A Chat with Ronnie Marmo, Author and Performer of the Upcoming I’M NOT A COMEDIAN… I’M LENNY BRUCE

Next month for two likely sell out performances comes a one man show that has received consistent sell outs around the country. At the North Coast Repertory Theatre lucky attendees will see I’M NOT A COMEDIAN… I’M LENNY BRUCE, as directed by Joe Mantegna and starring critically-acclaimed actor Ronnie Marmo. Notably, the production comes with the blessings of both Kitty Bruce (daughter of the late Lenny Bruce) and the Lenny Bruce Foundation. 

The show unbundles the controversial life and death of a groundbreaking personality, who is insufficiently known to many people.

I had the chance to speak with the show’s star as he was heading out from eight sell out shows in Buffalo and Rochester. Marmo described how he first became aware of Bruce through an old school acquaintance who had written a play about Bruce’s life. Marmo performed a six month run of the play, and then he revisited it a year later. But the further Marmo got into Bruce’s story, the more Marmo wanted to include Bruce’s actual routines, so Marmo set out to write his own take.

“It took five years. It was a stretch of my boundaries, but in a good way.”

Marmo mounted his play at Theatre 68 in Los Angeles, hoping for a six week run, but it ran for 18 months. It then ran in NYC for 9 months. In Chicago it had two separate six month runs.

“I feel really blessed,” Marmo admitted.

I asked him how Joe Mantegna got involved. For an earlier production Marmo had a role in mind for Mantegna, so sent a letter to a PO box and three days later Mantegna called asking to have lunch. Marmo continued, “Joe is like a Dad. He has exactly the right, gentle hand for this production.” Knowing that directors don’t often visit once the production is underway, I asked how often does Mantegna come to the shows? “We have had 415 performances, he has been to 150,” Marmo marvelled.

Marmo pointed out that during the production there are gasps and audible reactions from the audience, which he likes. “I am so worried about cancel culture. Comedy clubs are a sacred place, we need a mirror to stand up to society.” We landed on the same historical precedent, that of the court jester, who would go unpunished for speaking his mind. Truth to power, indeed.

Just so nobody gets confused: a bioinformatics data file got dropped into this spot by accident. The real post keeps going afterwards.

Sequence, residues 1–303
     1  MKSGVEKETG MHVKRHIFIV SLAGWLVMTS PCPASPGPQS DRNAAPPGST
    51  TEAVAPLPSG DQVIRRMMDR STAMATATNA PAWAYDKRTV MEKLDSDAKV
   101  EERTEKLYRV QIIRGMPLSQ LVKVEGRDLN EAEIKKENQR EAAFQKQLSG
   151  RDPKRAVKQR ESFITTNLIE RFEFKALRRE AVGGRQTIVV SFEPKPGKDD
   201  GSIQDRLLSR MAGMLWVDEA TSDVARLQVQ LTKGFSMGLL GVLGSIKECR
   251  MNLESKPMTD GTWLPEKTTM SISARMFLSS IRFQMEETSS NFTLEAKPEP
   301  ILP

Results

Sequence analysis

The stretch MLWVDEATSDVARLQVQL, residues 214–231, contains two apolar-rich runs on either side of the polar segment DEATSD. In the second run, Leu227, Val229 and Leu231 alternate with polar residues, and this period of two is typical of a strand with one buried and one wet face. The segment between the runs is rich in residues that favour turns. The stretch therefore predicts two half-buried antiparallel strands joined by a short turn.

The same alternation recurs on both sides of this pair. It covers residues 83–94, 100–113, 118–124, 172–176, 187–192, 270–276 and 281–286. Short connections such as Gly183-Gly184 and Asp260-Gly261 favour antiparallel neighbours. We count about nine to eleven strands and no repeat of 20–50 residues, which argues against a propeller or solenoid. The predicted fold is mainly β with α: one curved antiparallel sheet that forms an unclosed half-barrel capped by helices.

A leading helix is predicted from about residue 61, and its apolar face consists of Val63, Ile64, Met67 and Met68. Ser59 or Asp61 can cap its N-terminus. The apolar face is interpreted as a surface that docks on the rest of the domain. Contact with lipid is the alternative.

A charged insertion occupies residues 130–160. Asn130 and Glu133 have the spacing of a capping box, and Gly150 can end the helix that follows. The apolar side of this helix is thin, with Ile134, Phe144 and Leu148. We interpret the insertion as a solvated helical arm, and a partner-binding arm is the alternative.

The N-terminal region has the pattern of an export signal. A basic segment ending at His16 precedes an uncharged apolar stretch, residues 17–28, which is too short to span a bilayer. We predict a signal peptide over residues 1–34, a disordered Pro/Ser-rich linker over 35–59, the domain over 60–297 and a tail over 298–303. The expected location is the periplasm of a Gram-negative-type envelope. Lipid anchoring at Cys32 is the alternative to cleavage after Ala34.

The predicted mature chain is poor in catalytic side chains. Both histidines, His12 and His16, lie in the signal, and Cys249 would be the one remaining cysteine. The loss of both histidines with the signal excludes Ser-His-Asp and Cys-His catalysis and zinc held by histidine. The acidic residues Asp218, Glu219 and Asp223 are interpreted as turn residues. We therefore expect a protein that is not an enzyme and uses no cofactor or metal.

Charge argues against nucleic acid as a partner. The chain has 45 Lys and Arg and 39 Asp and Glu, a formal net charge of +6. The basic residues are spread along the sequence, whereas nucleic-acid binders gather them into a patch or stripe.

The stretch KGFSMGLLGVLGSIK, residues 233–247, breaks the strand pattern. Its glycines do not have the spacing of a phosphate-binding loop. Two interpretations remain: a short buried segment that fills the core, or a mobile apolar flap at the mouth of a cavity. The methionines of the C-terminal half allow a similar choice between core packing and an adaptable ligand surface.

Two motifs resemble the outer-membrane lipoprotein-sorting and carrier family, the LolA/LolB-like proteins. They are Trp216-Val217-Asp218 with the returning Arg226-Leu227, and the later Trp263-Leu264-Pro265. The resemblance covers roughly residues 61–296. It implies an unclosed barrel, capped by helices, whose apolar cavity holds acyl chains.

There have been various reworkings of Bruce’s place in history, including Dustin Hoffman’s eponymous turn in Bob Fosse’s film “Lenny.” Marmo admitted that he originally thought it was George Carlin who set the stage for frank discourse on the comedy stage, but Marmo loves the Bill Maher quotation that “Lenny planted the seeds and I get the shade.”

Marmo and I closed our chat inevitably about a recent Lenny Bruce portrayal, that by Luke Kirby in “The Marvelous Mrs. Maisel.” Ronnie heaped praise on the performance and the show, “Kirby does a great job with what they give him, it’s her show not his. That show has been a blessing for us, it has sold thousands of tickets. I look out at the audience and half the audience is 30 years old. I feared when I set out with this show I would be limited to the blue haired crowd in Florida.”

With First Amendment issues becoming ever more present in the public’s radar, a look at a personality who took his free speech issues all the way to the Supreme Court will provide lucky ticket goers a thoughtful evening indeed.

Brad Auerbach has been a journalist and editor covering the media, entertainment, travel and technology scene for many years. He has written for Forbes, Time Out London, SPIN, Village Voice, LA Weekly and early in his career won a New York State College Journalism Award.